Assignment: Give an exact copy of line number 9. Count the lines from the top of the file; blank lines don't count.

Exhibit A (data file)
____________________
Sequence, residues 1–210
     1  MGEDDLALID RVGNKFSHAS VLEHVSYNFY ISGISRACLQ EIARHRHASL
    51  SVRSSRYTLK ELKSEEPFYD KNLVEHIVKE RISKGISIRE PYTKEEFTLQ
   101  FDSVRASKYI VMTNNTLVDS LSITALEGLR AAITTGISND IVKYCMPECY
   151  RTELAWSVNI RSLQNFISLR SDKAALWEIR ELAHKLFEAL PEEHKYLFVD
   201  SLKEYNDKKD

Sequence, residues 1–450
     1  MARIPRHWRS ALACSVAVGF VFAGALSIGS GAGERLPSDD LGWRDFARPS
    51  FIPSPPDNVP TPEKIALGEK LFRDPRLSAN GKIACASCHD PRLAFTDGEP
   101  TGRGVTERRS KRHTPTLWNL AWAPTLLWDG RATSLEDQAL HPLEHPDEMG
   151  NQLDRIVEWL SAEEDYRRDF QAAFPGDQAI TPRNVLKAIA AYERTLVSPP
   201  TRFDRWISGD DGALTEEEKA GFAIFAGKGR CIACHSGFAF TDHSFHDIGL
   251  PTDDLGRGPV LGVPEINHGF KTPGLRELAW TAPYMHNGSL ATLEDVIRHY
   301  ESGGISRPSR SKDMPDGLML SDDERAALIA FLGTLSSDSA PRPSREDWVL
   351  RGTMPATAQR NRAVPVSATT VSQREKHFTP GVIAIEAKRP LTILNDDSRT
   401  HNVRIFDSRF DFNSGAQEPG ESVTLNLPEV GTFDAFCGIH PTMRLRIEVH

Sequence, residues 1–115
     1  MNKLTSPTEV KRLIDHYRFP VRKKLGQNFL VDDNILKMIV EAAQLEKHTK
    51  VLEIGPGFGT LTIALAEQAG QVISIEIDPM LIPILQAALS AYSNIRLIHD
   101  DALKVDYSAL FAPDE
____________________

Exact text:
    51  FIPSPPDNVP TPEKIALGEK LFRDPRLSAN GKIACASCHD PRLAFTDGEP